Red Hat Government Symposium 2020 – Digital Modernization and Response to COVID-19

John Sherman, the Defense Department’s principal deputy chief information officer, is the keynote speaker for the Digital Modernization and Response to COVID-19 event during the Red Hat Government Symposium 2020, November 10, 2020.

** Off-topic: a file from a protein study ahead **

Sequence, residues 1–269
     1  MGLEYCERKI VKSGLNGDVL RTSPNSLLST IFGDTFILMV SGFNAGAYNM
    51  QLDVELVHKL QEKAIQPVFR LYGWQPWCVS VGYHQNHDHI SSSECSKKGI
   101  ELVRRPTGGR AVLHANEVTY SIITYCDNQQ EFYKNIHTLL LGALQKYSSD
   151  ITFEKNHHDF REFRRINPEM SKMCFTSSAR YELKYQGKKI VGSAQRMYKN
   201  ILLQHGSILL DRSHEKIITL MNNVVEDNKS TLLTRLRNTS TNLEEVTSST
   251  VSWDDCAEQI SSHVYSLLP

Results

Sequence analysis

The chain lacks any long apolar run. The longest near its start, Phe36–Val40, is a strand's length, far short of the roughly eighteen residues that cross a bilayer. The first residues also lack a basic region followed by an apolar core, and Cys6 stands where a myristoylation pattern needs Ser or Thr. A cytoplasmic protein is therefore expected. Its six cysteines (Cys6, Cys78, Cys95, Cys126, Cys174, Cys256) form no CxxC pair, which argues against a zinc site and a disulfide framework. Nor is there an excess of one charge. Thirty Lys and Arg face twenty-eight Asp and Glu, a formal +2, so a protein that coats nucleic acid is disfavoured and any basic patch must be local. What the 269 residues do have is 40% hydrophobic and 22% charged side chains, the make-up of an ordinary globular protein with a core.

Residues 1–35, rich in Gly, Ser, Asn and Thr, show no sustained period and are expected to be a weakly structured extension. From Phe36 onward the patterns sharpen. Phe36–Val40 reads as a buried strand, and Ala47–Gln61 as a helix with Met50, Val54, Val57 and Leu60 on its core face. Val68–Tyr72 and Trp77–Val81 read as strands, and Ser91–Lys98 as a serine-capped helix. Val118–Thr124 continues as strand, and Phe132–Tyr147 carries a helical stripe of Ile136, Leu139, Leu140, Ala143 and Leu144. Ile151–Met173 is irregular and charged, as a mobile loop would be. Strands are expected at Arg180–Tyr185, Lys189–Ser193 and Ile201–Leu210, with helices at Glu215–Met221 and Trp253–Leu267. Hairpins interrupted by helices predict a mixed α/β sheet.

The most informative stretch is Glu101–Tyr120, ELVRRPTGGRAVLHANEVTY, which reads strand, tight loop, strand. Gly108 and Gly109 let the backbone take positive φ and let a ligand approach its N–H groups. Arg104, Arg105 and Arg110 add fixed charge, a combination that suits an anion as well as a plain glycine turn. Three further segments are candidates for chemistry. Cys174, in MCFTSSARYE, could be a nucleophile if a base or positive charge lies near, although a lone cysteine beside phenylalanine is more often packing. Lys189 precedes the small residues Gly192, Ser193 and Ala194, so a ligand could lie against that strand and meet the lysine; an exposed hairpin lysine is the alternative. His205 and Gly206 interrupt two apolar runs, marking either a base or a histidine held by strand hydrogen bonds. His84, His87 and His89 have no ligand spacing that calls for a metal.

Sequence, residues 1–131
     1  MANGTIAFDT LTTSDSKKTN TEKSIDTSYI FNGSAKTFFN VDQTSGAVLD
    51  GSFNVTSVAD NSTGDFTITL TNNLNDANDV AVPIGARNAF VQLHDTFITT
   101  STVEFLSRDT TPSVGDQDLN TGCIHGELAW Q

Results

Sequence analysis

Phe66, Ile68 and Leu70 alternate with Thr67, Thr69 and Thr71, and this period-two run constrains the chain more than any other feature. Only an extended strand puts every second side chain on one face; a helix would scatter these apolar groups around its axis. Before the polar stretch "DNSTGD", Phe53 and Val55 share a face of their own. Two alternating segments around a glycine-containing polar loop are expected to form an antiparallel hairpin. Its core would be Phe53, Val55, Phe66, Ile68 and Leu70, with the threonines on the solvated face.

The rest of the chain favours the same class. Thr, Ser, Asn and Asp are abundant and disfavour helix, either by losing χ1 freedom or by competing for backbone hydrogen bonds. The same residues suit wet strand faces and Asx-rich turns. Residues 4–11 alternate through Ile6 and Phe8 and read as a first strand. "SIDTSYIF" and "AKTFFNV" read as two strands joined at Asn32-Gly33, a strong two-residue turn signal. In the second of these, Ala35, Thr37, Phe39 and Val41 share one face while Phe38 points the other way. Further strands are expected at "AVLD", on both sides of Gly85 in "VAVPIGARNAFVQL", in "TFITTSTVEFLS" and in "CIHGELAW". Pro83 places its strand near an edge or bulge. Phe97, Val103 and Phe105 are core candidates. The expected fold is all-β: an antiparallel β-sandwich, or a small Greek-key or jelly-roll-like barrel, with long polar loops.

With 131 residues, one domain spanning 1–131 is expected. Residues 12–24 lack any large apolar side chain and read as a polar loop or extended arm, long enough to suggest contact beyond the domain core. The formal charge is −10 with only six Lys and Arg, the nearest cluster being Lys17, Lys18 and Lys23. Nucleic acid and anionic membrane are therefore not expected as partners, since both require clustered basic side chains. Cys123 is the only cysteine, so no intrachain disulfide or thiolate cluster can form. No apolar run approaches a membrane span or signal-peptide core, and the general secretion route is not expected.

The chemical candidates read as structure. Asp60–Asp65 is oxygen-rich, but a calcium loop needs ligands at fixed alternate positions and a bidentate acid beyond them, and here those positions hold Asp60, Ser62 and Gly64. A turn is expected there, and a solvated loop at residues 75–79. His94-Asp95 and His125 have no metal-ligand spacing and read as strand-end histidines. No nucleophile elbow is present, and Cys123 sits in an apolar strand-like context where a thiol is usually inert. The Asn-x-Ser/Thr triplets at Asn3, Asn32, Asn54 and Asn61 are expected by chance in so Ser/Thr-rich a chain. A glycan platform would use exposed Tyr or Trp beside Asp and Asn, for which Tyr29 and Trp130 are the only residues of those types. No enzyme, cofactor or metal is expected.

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D o. D. And it’s a pleasure to speak with you today. I would like to take a few minutes to highlight what we and D O. D have done in response to the cove it 19 crisis and how we’re moving forward with our digital modernization implementation. Our focus is on activities to empower our workforce during this critical time and to posture the department for future mission success First, the D. O D s Response Cove. It has certainly been one of the most significant challenges driving the national security establishment to adopt since the 9 11 attacks over 19 years ago. Like many crises before Cove, it has forced innovation and new ways of thinking that might not have otherwise been brought to bear, at least not so quickly at D. O d. The situation has prompted us in many areas like flexible collaboration capabilities, more robust networks and implementation of new principles like zero Trust to move beyond fixing to as my mom in Texas sometimes says to getting it done Now, at the outset of the cove it crisis Secretary Esper set out three main priorities for the department’s response. Protect the workforce, continue the mission and support whole of government response. D o d c i o empowered by the great work of the Cloud Compute Program Office or CCP Oh, the Defense Information Systems Agency, or DISA U. S. Cyber command Cyber Com The military departments and service CEOs and Joint Staff CEO responded by developing the commercial virtual remote, or CDR, capability based on Microsoft teams made available in mere weeks, CBR is now used by over a third of the department with over a million active users. CBR has enabled Tele work by providing a capability toe hold group calls, form virtual teams and host video conferences. All of this involved D o D users being able to communicate with others, not on the Department of Defense Information Network or Dodon, and crucially, with government furnished equipment or their own devices. This is important in multiple ways, not on Lee to provide maximum flexibility for uniformed and civilian personnel who are working from home, but also for those service members supporting crisis operations such as National Guard members deployed around the nation to support co vid response activities. Because CVR has been a success story thus far. We’ve extended its use until June 2021 in order to ensure maximum flexibility for the department as tele work continues in many areas. However, CBR does not currently operate at the level we need over the long term to ensure proper safeguarding of our sensitive information. We’ve always known we need to transition to a capability at a higher security level. Of course, cybersecurity has been foremost in our minds, especially as we pivoted to a tele work environment. Our partnership with DISA and U. S. Cyber com as well as with N S A. Has been critical to ensuring we’re postured to mitigate risks and deal quickly with threats. For example, as has been the case and other enterprises, we saw a rise in phishing attempts against D o D members. Ensuring our workforce is aware of these threats and being able to respond quickly when problems do occur have been critical to staying in front of these types of incidents. Because of this cyber security environment, we always knew that CBR would not be are forever solution. With this in mind, our current focus is on defining what are enduring capability is going to look like we want a solution with more robust security hosted on a government enclave cloud environment. We also want the functionalities of CVR, such as bring your own approved device and an ability to communicate with users not on the dote in and those operating in the current environment a tall order, to be sure, but one were committed to getting right. Now I want to discuss how we’re moving forward. I’m currently leading weekly senior level meetings with colleagues from Disa Cyber Com Joint Staff and the military military departments, all undergirded by amazing work done by a group of other forms to define the new way ahead for our post CVR capability. Back to my earlier comment about moving beyond the fixing to part of the key processes. This dialogue and planning, at least for me, has brought concepts like zero trust to the forefront in a riel non theoretical application. On that note, I’ve heard much about zero trust from a conceptual perspective, and I’ve always appreciated what it really means, namely not just trying to stop threats at the perimeter, as has been the default for so long. Rather, we should use more holistic access standards and verify identity and other aspects at every point in the process, and not just the front gate. Now we’re striving to implement zero trust concepts on areas like fine grained access, as well as different approaches at the perimeter and access to the cloud. All of which moves us closer to a zero trust footing all our foundational steps to enabling us to craft and up to date effect, a solution that entails CVR light capabilities. We’ve seen, however, that the newness of this concept and the related differing visions for implementation have created a healthy dialogue in our meetings, which in my book is a great thing. Innovation isn’t born OUT of groupthink. Even in the early days of CBR, we asked, decide to make wide ranging improvements to the department on areas like virtual private networks and Internet access point capacity. They came through on this with flying colors, but it didn’t happen overnight and it took significant effort and leadership focus. Would we be on this vector and working through these very tough questions? Had it not been a national emergency, I can’t say for sure, but I doubt it. This crisis is forces to think differently and on an accelerated pace in a way that it’s certainly going to put us into a more capable and advanced position than we were a year ago. None of this would have been possible had d o. D not already been a cloud centric organization before the crisis. Earlier, I mentioned the CCP Oh, and the critical role they played in developing and deploying CVR on a very compressed timeline. They were able to do this because of their deep involvement in all things related to crowd cloud within the department, including their increasingly critical role in helping to drive our work in software development, especially in terms of terms of Dev SEC ops. I’ve noted in many earlier engagements that moving to the cloud is as much about a cultural shift as a technological one, and the department has been well upon this path as a result of the CCP Oh Diese and our colleagues in the military departments. For example, with our focus on death set cops continuing unabated, CCP oh is leading continuous innovations in areas such as infrastructure is code, which capitalizes on the opportunities to change the way we operate thes sort of agile, forward leaning approaches will keep us ahead of our future adversaries and are underpinned by the pillars of our d. O d digital modernization strategy. These include the aforementioned Cyber Security and Cloud, as well as command control and communications, or C three data and Artificial Intelligence, or AI. We’re making great progress across all these areas, both in terms of impacts for the long term as well. A s’more immediate responses for Cove it, for example, the Joint AI Center or Jake, among many other efforts, has pioneered projects. SALIS, which brought a I to bear in support of US North, calms ability to attract the medical supply chain and related issues in support of covert response. This is in addition to the jakes other initiatives on areas ranging from predictive helicopter maintenance on to joint warfighting. Moreover, with the Jakes recent contract to establish the Joint Common Foundation as a repository for data and tools to support the department’s AI efforts, the sky is truly the limit on what this organization, now under the leadership of Lieutenant General might growing can accomplish to advance the department’s AI capabilities. Likewise, with the recent publication of the D. O. D data strategy and the appointment of Dave Spark as the CEO, we’re ensuring we can unlock the power of the department’s data. Dave has accurately described data as equal in value to ammunition. Put another way, if our growing cloud capability represents the world’s best race car thin, the data is the fuel which must be brought to high octane levels through proper tagging, discover ability and curation. It’s vital, especially for areas like AI. Also, our work on C three, although not as directly involved in some areas of the co vid crisis response, has progressed apace. Despite the crisis, our team routinely works with many departments stakeholders and has advanced departmental monetization priorities on areas like the electromagnetic spectrum superiority strategy, which we just published. Much like the imperative of data. Winning in the electromagnetic battle space will be critical for our military success in future conflicts. Cove. It has been our main crucible of late, but our progress has been built on a strategy of digital modernization, are moved to CVR reinforcement of networks, improvement in cybersecurity and plan to move to an enduring capability has required us to be agile and innovative within our enormous enterprise. All have shown d o d to be adaptive when it counts most. And this just might be the exact preview of how we will need to operate in our 21st century threat environment. Finally, I would be remiss if I didn’t highlight the critical partnership between industry and government in this entire response, especially in terms of technology for areas like tele work, collaboration and cybersecurity. Perhaps because of my background is a satellite image analysts. One of my favorite movies is 13 Days, which stars Kevin Costner and Bruce Greenwood and deals with the Cuban missile crisis in 1962. In one of my favorite scenes, Costner, playing White House special assistant Kenny O. Donnell, tells Greenwood playing President Kennedy that there are no wise old individuals in the crisis they faced. It was just the leaders of that time, learning as they went and doing their best to navigate a very tough situation. I think that’s a pretty apt metaphor for where we find ourselves as we adapt to cove. It in both industry and government were all blazing a path and is one we must take together on behalf of the team and D o d CEO. We truly appreciate your support and partnership, where we’ve all stepped up to this crisis have continued to modernize throughout and will be even that much more prepared for tomorrow’s events. Thank you.